‘It can’t always be equal… you’ve got to park your ego sometimes’: New England white-ball coach Matthew Mott is confident he can form successful partnership with Test coach Brendon McCullum
- The last time England separated the white ball and Test roles was in 2012
- That arrangement between Ashley Giles and Andy Flower rarely ran smoothly
- Mott believes the split set-up can work having worked with McCullum at the IPL
England’s new white-ball coach Matthew Mott has insisted he and Brendon McCullum can make a success of the split-coaching set-up as he prepares for his first one-day assignment in the Netherlands.
It is the first time England have separated the roles since late 2012, when Ashley Giles took charge of the limited-overs sides and worked alongside Test coach Andy Flower.
That arrangement rarely ran smoothly, amid accusations that Flower’s wishes too often took priority. But Mott – who made his name coaching Australia’s record-breaking women’s team, and has worked with McCullum at the IPL – is confident there will be no such issues this time.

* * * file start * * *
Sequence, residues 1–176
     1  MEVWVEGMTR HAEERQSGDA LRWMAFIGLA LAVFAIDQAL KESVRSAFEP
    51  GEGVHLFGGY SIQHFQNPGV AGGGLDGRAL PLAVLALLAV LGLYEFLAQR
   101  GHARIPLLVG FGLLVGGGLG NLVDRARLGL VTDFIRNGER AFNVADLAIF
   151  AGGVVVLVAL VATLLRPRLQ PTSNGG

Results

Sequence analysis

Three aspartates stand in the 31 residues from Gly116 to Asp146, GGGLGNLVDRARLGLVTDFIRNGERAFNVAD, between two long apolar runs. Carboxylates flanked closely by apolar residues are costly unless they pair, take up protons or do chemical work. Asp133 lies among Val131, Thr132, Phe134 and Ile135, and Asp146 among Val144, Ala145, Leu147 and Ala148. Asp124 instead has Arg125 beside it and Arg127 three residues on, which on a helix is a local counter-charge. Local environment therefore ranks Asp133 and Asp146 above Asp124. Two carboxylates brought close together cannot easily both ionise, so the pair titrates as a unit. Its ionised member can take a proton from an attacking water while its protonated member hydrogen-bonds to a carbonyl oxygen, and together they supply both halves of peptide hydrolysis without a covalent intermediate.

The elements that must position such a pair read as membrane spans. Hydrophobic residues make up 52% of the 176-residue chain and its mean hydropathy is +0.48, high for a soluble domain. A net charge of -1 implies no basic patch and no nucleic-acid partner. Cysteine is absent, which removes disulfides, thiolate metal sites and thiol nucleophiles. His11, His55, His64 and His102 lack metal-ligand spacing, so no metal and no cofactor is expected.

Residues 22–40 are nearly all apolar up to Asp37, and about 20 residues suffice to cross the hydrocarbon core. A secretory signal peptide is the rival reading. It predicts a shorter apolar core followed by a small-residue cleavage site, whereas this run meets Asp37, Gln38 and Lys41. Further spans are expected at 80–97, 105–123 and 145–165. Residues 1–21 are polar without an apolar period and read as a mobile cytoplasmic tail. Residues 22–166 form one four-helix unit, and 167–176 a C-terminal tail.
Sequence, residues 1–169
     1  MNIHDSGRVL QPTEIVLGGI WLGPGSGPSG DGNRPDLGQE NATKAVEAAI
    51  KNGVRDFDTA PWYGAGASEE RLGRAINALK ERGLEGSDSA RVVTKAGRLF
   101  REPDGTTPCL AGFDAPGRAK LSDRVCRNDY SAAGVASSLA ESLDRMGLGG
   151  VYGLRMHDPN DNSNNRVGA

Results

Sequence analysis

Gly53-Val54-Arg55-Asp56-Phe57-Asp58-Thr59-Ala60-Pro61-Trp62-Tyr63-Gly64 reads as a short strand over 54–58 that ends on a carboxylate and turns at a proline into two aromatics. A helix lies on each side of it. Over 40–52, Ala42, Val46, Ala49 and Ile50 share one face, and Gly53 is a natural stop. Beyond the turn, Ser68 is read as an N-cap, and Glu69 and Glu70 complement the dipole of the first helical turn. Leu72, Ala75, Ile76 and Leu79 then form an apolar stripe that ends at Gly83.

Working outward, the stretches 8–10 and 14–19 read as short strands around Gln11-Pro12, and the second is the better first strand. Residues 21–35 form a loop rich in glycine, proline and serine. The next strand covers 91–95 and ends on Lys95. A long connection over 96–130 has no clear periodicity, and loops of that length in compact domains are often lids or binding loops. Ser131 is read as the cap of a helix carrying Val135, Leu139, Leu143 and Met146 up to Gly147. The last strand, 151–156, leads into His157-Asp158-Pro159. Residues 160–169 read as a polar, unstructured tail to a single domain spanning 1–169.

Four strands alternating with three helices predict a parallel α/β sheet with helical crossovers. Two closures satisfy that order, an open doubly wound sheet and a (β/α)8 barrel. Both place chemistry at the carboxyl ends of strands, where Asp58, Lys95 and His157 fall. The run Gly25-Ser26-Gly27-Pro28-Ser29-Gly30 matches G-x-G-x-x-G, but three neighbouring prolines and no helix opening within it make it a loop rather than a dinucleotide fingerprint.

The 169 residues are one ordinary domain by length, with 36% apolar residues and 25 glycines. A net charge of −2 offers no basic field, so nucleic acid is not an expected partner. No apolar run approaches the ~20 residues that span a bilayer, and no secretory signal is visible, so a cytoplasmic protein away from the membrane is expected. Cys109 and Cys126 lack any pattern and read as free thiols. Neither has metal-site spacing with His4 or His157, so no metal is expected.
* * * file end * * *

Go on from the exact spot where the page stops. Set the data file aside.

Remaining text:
Matthew Mott (above) made his name coaching Australia’s record-breaking women’s team
‘It can’t always be equal, because that won’t work,’ he said. ‘At the moment the Test series is taking a bit of priority, but as we get closer to the T20 World Cup in October, I’m sure the white-ball team will get a greater say in the picking of players.
‘You’ve got to park your ego sometimes and look at the bigger picture, and I’m sure between me, Brendon and [director of cricket] Rob Key, we can work that out.
‘It helps that we’ve all come into this at the same time. It’s a blank canvas. Brendon’s got his head straight into the Test series. He’s a genuinely good bloke and I get on well with him. He’ll be fair and reasonable.’
Speaking before the first of three ODIs in Amsterdam on Friday, Mott said he believed England captain Eoin Morgan had ‘a lot of great cricket ahead of him’, despite just one half-century in his last 24 international innings.
Mott will work with Test coach Brendon McCullum (L) and director of cricket Rob Key (R)
‘He’s always said he wants to be picked in that team on form and merit all the way through, and when he feels that’s not the case, then he would step aside,’ said Mott. ‘But that’s a long way off being the case.
‘You can already tell what a profound influence he has on the leadership of this group – and that’s something that probably isn’t recognised as much on the outside.’
With England’s 14-man squad including two uncapped bowlers in Gloucestershire’s David Payne and Nottinghamshire left-armer Luke Wood, Mott wants to use this series to look at new faces.
‘It’s been identified that we need some death options with the ball, so that’s going to be a really big focus for the group over here,’ he said.